This morning my lunch buddy, who informally serves as my mentor teacher, reassured me that I am doing a good job. "No matter what you see in the classroom now, no matter how often they blow up at you, how much they hate you, they're learning something. They'll appreciate it eventually. The students who give you the hardest time now will be the most grateful later."
I've heard the platitudes before. I want to believe them. But sometimes I wonder how much this is just what we tell ourselves to make it through the day.
And then, as I was walking out the hall to the bus circle after school, D sauntered down the hall. I didn't notice him until he called, "Miss Cannon."
He gave me hell last year. Starting with the testing on day one. Only somehow I never passed. (And I'm not sure he did either.) I was relieved when he was absent and dreaded his class on mornings when I saw him at school.
So it was strange to greet him in the hallway. He's home for break. Hanging out on the rez. Somehow, despite missing most of second semester last year, he is the student who is making it at college. I asked how his classes were. What's your favorite?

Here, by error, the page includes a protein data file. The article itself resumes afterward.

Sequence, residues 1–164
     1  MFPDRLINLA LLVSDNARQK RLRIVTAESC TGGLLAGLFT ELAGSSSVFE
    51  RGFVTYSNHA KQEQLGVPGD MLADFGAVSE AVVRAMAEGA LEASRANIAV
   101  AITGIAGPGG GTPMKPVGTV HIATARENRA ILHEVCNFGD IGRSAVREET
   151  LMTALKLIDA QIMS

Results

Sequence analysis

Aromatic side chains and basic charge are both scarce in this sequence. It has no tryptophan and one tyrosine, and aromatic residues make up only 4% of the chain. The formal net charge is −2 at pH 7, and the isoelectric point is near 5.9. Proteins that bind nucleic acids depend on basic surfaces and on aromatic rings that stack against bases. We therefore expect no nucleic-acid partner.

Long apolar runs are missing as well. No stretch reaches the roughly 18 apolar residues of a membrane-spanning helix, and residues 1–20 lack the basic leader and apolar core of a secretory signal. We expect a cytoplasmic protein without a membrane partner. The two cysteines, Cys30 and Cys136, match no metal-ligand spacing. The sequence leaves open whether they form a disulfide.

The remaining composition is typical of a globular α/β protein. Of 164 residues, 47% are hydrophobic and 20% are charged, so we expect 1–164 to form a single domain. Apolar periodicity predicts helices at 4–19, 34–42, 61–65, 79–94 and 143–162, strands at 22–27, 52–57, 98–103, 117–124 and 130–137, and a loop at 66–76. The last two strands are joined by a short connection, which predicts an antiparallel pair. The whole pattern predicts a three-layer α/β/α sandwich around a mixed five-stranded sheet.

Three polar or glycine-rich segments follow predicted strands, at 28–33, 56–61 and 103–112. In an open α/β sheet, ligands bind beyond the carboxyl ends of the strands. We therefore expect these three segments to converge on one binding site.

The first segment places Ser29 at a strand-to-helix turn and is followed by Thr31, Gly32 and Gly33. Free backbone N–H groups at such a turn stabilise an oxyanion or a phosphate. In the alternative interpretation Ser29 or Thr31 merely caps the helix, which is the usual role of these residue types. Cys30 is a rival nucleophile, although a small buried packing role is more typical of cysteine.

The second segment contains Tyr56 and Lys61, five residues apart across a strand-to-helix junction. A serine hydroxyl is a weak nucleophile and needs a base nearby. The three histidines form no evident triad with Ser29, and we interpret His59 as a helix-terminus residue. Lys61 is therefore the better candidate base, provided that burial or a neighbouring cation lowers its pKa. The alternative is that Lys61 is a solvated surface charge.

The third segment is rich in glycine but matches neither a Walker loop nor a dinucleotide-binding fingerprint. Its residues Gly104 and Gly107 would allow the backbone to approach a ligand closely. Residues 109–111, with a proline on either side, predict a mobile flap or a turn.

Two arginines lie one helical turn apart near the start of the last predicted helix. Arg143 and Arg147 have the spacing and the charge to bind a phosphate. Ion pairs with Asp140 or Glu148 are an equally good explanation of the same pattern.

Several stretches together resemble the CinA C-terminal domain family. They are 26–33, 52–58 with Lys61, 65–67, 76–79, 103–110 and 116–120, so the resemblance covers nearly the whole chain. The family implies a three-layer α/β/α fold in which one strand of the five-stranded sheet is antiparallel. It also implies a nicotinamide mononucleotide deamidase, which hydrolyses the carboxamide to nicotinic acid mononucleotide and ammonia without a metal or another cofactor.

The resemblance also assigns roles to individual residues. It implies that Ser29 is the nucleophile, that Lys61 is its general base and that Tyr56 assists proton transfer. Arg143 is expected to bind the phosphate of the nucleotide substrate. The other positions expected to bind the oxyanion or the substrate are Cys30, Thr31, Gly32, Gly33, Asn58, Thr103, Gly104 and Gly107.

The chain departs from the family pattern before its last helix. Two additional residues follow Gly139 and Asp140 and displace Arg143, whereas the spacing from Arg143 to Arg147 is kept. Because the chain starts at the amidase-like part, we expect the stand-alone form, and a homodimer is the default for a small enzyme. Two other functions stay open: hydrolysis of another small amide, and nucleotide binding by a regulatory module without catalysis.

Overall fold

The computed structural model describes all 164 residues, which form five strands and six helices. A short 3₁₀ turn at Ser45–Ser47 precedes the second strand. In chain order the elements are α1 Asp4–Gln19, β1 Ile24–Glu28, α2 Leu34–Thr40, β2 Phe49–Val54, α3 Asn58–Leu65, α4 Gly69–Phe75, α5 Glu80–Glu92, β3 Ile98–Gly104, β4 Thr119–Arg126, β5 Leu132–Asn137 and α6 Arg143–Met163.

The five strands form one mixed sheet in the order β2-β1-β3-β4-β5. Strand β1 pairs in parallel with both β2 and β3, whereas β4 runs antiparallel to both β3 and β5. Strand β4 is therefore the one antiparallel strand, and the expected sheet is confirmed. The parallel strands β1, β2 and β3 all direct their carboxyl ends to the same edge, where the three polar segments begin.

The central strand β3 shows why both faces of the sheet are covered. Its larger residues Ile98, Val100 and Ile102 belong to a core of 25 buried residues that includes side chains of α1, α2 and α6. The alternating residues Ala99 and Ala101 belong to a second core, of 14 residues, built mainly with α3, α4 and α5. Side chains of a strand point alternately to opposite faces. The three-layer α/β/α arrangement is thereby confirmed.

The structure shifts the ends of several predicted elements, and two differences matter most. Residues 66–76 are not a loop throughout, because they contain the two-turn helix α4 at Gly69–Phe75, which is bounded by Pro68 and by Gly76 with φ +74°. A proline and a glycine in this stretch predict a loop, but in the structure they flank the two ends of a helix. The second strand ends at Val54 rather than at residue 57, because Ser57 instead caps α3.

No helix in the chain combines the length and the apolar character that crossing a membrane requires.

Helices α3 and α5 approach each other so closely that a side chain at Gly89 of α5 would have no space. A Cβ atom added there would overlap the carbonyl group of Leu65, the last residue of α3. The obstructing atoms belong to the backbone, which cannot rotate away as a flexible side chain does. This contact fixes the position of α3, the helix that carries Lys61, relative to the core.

He's in Intermediate Algebra. They started this year with material he learned in my class, so that helped him. He wanted to apologize for his behavior. He thanked me for what I did.
He blew my mind.
I asked if he'd write a letter to students about college. Or come in and talk to a class. He said that he's telling his friends. He think word will get around. I didn't push more.
The rest of the conversation was a bit awkward for both of us. Our relationship is fraught with tension, being friendly was almost unsettling.
As I walked away, I realized the platitudes are rooted in truth. And for once, it came years sooner than I expected.
* Expecting students to learn. Consistently holding them to a standard.